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"Now that you mention it": A Survey Experiment on Information, Salience and Online Privacy

Listed author(s):
  • Helia Marreiros
  • Mirco Tonin
  • Michael Vlassopoulos
  • m.c. schraefel

Personal data lie at the forefront of different business models and constitute the main source of revenue of several online companies. In many cases, consumers have incomplete information about the digital transactions of their data. This paper investigates whether highlighting positive or negative aspects of online privacy, thereby mitigating the informational problem, can affect consumers’ privacy actions and attitudes. Results of two online survey experiments indicate that participants adopt a more conservative stance on disclosing identifiable information, such as name and email, even when they are informed about positive attitudes of companies towards their privacy. On the other hand, they do not change their attitudes and social actions towards privacy. These findings suggest that privacy concerns are dormant and may manifest when consumers are asked to think about privacy; and that privacy behavior is not necessarily sensitive to exposure to objective threats or benefits of disclosing personal information.

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File URL: http://www.cesifo-group.de/portal/page/portal/DocBase_Content/WP/WP-CESifo_Working_Papers/wp-cesifo-2016/wp-cesifo-2016-02/cesifo1_wp5756.pdf
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Paper provided by CESifo Group Munich in its series CESifo Working Paper Series with number 5756.

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Date of creation: 2016
Handle: RePEc:ces:ceswps:_5756
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  1. Ramnath K. Chellappa & Shivendu Shivendu, 2010. "Mechanism Design for "Free" but "No Free Disposal" Services: The Economics of Personalization Under Privacy Concerns," Management Science, INFORMS, vol. 56(10), pages 1766-1780, October.
  2. Alessandro ACQUISTI & Jens GROSSKLAGS, 2012. "An Online Survey Experiment on Ambiguity and Privacy," Communications & Strategies, IDATE, Com&Strat dept., vol. 1(88), pages 19-39, 4th quart.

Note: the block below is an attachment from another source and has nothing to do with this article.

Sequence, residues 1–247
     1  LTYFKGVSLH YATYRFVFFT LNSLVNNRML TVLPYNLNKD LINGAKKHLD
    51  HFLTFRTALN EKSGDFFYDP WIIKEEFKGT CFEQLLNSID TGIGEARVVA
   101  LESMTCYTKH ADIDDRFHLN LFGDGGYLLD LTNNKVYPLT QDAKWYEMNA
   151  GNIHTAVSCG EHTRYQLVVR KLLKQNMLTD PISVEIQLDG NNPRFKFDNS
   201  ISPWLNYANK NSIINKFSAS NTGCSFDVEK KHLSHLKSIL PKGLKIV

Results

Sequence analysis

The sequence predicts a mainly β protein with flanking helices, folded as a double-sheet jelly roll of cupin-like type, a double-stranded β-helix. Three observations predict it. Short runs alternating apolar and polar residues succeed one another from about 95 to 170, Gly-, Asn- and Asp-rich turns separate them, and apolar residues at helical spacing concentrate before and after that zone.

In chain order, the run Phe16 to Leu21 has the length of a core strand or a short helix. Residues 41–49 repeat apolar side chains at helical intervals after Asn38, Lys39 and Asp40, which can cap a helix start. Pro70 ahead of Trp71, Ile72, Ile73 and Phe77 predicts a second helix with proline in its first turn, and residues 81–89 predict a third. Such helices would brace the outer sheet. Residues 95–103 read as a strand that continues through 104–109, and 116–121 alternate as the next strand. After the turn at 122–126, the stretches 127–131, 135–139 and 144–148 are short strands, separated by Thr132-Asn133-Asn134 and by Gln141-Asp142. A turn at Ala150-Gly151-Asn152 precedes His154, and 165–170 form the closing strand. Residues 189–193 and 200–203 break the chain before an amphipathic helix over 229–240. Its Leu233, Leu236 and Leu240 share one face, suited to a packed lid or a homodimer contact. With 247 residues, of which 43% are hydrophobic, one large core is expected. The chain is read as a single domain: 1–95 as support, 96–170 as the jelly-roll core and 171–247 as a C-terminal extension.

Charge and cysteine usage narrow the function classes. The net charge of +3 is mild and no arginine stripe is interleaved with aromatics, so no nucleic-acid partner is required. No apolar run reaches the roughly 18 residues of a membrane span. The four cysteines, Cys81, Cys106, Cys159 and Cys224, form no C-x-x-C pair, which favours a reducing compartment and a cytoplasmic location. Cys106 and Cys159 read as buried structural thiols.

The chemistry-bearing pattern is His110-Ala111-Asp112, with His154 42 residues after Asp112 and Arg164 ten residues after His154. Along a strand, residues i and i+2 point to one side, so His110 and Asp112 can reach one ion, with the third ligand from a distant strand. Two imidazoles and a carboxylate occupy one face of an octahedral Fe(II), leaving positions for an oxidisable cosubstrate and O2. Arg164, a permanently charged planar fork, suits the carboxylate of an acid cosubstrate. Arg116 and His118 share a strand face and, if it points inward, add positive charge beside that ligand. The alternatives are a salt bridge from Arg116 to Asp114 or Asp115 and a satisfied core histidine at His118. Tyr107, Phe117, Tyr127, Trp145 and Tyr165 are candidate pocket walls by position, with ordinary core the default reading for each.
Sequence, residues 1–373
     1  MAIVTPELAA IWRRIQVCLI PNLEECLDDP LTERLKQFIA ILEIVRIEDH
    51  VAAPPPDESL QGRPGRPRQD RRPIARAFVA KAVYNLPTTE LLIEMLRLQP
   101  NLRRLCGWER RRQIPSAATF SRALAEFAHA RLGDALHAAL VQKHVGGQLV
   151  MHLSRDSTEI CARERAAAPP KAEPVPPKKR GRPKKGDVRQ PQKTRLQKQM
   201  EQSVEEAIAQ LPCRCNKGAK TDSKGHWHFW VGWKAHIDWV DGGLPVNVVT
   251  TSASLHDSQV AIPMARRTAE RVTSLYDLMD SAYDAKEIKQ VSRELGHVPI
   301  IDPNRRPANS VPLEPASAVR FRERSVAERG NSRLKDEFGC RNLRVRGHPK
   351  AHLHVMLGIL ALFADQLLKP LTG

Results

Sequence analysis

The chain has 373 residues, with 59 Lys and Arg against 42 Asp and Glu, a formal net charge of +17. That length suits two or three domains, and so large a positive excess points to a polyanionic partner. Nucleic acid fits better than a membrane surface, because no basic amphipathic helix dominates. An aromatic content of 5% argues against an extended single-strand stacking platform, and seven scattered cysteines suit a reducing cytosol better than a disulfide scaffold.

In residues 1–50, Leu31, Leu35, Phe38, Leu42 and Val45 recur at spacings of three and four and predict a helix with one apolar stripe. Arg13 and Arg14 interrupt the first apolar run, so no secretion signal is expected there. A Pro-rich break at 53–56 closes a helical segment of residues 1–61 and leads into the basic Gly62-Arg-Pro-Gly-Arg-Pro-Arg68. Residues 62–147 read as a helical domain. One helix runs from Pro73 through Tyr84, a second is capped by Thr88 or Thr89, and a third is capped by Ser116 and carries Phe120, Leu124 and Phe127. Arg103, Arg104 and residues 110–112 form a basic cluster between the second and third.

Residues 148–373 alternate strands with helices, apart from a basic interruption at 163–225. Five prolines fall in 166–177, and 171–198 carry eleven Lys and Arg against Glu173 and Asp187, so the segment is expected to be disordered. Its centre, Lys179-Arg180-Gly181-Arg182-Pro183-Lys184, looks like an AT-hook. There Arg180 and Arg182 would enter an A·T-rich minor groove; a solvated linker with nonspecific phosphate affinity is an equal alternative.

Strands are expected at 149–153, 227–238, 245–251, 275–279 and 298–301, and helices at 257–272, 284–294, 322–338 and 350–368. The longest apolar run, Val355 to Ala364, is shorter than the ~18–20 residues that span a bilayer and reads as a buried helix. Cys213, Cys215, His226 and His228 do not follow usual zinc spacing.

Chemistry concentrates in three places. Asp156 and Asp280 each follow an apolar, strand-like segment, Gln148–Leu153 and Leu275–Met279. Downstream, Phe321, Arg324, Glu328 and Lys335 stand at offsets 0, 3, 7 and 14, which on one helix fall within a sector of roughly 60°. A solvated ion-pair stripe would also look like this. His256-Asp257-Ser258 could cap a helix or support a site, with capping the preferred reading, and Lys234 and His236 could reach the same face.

3. Benndorf, Volker & Kübler, Dorothea & Normann, Hans-Theo, 2015. "Privacy concerns, voluntary disclosure of information, and unraveling: An experiment," European Economic Review, Elsevier, vol. 75(C), pages 43-59.
  4. Avi Goldfarb & Catherine E. Tucker, 2011. "Privacy Regulation and Online Advertising," Management Science, INFORMS, vol. 57(1), pages 57-71, January.
  5. Beresford, Alastair R. & Kübler, Dorothea & Preibusch, Sören, 2012. "Unwillingness to pay for privacy: A field experiment," Economics Letters, Elsevier, vol. 117(1), pages 25-27.
  6. Olivero, Nadia & Lunt, Peter, 2004. "Privacy versus willingness to disclose in e-commerce exchanges: The effect of risk awareness on the relative role of trust and control," Journal of Economic Psychology, Elsevier, vol. 25(2), pages 243-262, April.
  7. Avi Goldfarb & Catherine Tucker, 2012. "Shifts in Privacy Concerns," American Economic Review, American Economic Association, vol. 102(3), pages 349-353, May.
  8. James Campbell & Avi Goldfarb & Catherine Tucker, 2015. "Privacy Regulation and Market Structure," Journal of Economics & Management Strategy, Wiley Blackwell, vol. 24(1), pages 47-73, 03.
  9. Posner, Richard A, 1981. "The Economics of Privacy," American Economic Review, American Economic Association, vol. 71(2), pages 405-409, May.
  10. Leslie K. John & Alessandro Acquisti & George Loewenstein, 2011. "Strangers on a Plane: Context-Dependent Willingness to Divulge Sensitive Information," Journal of Consumer Research, Oxford University Press, vol. 37(5), pages 858-873.
  11. Alessandro Acquisti & Leslie K. John & George Loewenstein, 2013. "What Is Privacy Worth?," The Journal of Legal Studies, University of Chicago Press, vol. 42(2), pages 249-274.
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